4. He claimed in one place to have become a US citizenship in 1978 and in another place he claimed that it was in 1982.

Response: It is well known that Caner became a US citizen in 1978.  The other date is from the period of his call to the ministry and is sometimes lumped together with the earlier date in his testimony.  No intent to deceive existed, nor has it been established by this conflation of dates.  Since it is well known by Bible scholars that this kind of thing is found in the Scriptures (which are without error), then any Christian pressing this charge would, by the same logic, have to impugn the Bible as well (see The Bible Knowledge Commentary, vol. 2, p. 40).

5. Caner claims to have worn a Muslim “keffiyeh“(head covering) before his conversion to Christianity, yet photos show him with his head uncovered.  This reveals that he was not a devout Muslim and that he intended to deceive when claiming to be one.

Response: Ergun’s brother Emir vouches for their devout Muslim background.  He has provided a picture (below) of Ergun with his head covered (sitting down).  Of course, there were other times when he had no covering on which would be natural.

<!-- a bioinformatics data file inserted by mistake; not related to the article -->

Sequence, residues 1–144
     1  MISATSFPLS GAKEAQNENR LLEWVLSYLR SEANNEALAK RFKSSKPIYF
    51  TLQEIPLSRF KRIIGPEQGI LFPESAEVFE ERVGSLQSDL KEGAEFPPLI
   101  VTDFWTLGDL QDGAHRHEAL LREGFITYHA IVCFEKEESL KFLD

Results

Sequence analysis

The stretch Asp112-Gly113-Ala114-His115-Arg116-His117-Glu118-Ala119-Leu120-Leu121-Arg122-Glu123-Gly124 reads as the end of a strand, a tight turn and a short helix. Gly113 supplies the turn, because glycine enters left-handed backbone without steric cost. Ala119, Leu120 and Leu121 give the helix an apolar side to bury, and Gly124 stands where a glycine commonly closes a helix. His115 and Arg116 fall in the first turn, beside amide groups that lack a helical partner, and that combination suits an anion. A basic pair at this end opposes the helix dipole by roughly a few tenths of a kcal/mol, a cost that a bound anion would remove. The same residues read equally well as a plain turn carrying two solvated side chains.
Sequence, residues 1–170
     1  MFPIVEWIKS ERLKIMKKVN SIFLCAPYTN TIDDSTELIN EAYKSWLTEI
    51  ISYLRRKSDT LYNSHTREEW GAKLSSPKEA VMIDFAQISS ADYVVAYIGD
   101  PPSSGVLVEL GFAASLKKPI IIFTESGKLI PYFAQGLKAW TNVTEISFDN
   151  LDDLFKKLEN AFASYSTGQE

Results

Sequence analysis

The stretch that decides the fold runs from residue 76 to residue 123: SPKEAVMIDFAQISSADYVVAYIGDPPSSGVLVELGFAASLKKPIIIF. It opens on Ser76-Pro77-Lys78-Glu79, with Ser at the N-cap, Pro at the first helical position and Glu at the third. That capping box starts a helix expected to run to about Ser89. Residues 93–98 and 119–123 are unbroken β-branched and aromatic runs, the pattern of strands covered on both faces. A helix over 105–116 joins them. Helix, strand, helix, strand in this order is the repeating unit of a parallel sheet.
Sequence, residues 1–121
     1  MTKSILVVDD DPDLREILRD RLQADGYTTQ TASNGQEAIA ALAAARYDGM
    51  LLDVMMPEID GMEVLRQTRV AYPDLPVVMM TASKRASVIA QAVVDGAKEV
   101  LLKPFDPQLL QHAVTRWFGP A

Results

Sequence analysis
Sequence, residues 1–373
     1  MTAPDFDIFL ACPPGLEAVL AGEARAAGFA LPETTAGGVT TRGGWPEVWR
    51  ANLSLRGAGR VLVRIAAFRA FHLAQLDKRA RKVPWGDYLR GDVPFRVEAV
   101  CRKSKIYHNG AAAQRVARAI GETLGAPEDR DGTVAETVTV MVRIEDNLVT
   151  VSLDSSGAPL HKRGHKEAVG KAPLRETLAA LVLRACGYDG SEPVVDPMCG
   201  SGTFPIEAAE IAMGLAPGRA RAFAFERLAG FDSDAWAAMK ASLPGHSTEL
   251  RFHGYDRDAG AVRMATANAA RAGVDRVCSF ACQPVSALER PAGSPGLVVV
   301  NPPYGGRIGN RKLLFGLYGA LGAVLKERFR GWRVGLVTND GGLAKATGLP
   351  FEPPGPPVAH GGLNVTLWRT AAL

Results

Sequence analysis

Other evidence of his being a devout Muslim is available, such as Ergun’s circumcision ceremony and participation in the reading and recitation of the Qur’an.  Further, that Ergun was reared a devout Muslim is proven by his father’s testimony recorded in the divorce proceedings documents which ironically Ergun’s critic placed on the internet.

6. Ergun claims he was saved in 1982 but also claims his brother Emir was converted in 1982, yet elsewhere Emir’s conversion is said to be a year later (1983).

Response: Both men agree that Emir was saved a year after Ergun.  There is some confusion about the exact year.  Given that Ergun was converted in 1982 (as he claims), this would put Emir’s conversion “a year later” (as they both acknowledge).  Again, there is no intention to deceive here but simply a problem of memory about exact dates.

7. Ergun claimed his father had many wives and two half-brothers and two half-sisters, but there is no evidence for the half-brothers.

Response: Ergun’s father did have two wives, having divorced the first one.  He had three sons by his first wife (Ergun and his two brothers).  So, Ergun has two full brothers and two step-sisters (from his father’s second wife).  While speaking quickly on one occasion, he mistakenly called his brothers his “half” brothers.  This is hardly evidence of an attempt to embellish or deceive.  After all, he had the right number of each sibling, and he didn’t claim to have ten brothers or sisters!

Finally,  a Note about Ergun’s Critic:

First, Ergun is an outspoken converted Muslim which in Muslim lands is a capital crime.  Since this is contrary to law in the United States, his Muslim critics have resorted to character assassination instead.  Unfortunately, other extremists who disagree with some of his theological views have piled on and are kicking him while he is down.